B-47 Stratojet. It could be deployed in free-fall or retarded free-fall, and had both air burst and ground burst fuzing.[18] The weapon did not have a laydown fuzing capability as the design of the physics package did not make that possible without extensive redesign and further nuclear testing.[13]

The B-41 was the only three-stage thermonuclear weapon fielded by the US.[17] Two versions were deployed: The Mk-41Y1, a 25 megatonnes of TNT (100 PJ) yield, dirty version with a tertiary stage encased with U-238 (natural uranium); and the Mk-41Y2, a 10 megatonnes of TNT (42 PJ) yield, clean version with a lead-encased tertiary.[1] It was the highest-yield nuclear weapon ever fielded by the United States, and had the highest publicly known yield-to-weight ratio of any weapon.[17]


During its operational lifetime, the B-41 was the most efficient known thermonuclear weapon in terms of yield to actual weight, with a 5.2 megatons of TNT per tonne (22 petajoules per tonne) ratio (based on a 25 Mt (100 PJ) yield). Its blast yield was 25% to 50% that of the AN602 Tsar Bomba, which delivered a blast of 50 or 100 Mt (210 or 420 PJ), depending on its own configuration as a clean or dirty bomb. However even at the Tsar Bomb's theoretical maximum yield of 100 Mt (420 PJ), it would still only achieve a yield to weight ratio of ~ 3.7 megatons of TNT per tonne (15 petajoules per tonne), thus the B-41 has the highest yield to weight ratio of any weapon ever created.[19][1]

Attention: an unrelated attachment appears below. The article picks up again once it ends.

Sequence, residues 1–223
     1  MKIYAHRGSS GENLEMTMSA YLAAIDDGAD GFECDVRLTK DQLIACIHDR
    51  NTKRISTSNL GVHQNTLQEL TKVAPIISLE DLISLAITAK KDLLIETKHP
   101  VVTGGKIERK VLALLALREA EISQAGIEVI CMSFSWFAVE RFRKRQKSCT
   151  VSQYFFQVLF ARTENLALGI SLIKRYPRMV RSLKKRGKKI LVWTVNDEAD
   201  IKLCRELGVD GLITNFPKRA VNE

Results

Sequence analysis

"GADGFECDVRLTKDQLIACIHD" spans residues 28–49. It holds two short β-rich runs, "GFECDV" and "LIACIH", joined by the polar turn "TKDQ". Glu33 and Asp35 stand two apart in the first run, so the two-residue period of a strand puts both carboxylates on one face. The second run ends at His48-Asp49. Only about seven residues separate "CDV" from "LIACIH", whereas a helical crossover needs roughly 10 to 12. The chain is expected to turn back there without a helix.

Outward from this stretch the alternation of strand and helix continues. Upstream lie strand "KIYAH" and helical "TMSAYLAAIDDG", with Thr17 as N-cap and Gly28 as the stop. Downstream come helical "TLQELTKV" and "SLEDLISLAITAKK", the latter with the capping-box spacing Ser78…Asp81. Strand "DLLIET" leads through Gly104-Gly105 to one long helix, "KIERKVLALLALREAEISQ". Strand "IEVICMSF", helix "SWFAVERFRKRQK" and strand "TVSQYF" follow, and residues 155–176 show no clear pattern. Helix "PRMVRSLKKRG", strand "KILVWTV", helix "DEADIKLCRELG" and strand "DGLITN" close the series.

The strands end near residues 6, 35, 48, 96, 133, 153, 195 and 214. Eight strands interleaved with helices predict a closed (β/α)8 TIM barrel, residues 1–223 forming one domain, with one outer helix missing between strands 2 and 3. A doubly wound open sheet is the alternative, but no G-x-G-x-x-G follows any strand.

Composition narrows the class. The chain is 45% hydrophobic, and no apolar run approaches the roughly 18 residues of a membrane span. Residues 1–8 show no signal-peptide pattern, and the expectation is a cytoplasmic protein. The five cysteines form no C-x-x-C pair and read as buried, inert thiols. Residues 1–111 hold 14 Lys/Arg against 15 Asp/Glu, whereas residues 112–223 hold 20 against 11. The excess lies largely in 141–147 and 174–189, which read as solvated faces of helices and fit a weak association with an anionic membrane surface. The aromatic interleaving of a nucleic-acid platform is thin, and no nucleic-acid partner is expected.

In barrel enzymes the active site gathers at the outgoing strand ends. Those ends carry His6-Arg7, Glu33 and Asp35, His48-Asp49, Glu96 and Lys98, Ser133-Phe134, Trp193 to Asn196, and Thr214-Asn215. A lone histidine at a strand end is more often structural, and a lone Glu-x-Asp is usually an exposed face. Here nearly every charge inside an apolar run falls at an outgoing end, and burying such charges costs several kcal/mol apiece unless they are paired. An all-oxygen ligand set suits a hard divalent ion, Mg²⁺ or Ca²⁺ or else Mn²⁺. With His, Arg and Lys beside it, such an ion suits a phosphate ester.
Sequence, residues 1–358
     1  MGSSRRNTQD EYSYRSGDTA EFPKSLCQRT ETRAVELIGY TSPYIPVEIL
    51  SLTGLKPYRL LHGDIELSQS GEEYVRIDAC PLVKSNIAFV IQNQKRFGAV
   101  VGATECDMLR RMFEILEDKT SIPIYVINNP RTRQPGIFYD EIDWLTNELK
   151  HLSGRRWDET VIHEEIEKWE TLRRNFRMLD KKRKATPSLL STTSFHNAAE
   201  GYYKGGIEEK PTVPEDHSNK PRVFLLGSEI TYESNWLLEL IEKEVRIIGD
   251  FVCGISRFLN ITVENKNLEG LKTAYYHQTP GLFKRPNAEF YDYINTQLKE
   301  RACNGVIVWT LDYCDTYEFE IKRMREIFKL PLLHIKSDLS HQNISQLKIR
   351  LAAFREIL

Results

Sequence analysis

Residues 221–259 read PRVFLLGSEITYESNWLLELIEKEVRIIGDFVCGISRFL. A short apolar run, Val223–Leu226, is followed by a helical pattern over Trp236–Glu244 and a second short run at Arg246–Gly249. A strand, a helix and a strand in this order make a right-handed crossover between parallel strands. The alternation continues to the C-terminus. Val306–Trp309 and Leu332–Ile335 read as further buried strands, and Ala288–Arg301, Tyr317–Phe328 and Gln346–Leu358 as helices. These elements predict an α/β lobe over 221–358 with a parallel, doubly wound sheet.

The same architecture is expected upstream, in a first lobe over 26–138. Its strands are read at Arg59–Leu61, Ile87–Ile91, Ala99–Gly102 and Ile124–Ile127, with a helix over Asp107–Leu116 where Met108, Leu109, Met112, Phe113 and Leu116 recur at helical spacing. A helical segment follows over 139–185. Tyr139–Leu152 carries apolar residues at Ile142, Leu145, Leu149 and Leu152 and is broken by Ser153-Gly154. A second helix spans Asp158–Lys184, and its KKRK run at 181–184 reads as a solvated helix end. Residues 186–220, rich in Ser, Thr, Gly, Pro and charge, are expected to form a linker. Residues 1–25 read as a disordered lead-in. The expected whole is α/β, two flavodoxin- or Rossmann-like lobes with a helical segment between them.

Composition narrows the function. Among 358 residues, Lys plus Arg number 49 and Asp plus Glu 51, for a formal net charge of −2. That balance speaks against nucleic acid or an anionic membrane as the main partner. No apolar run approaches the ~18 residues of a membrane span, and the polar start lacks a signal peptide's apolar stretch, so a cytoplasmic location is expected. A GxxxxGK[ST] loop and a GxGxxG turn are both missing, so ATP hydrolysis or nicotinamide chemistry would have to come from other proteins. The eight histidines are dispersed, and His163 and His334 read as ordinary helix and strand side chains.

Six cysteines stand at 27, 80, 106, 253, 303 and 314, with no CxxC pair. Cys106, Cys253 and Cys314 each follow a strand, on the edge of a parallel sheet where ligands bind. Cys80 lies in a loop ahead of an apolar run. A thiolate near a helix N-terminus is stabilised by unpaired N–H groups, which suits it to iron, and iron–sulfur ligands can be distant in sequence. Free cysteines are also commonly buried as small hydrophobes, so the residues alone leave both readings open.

W41 warhead

In November 1956, development of the W41, a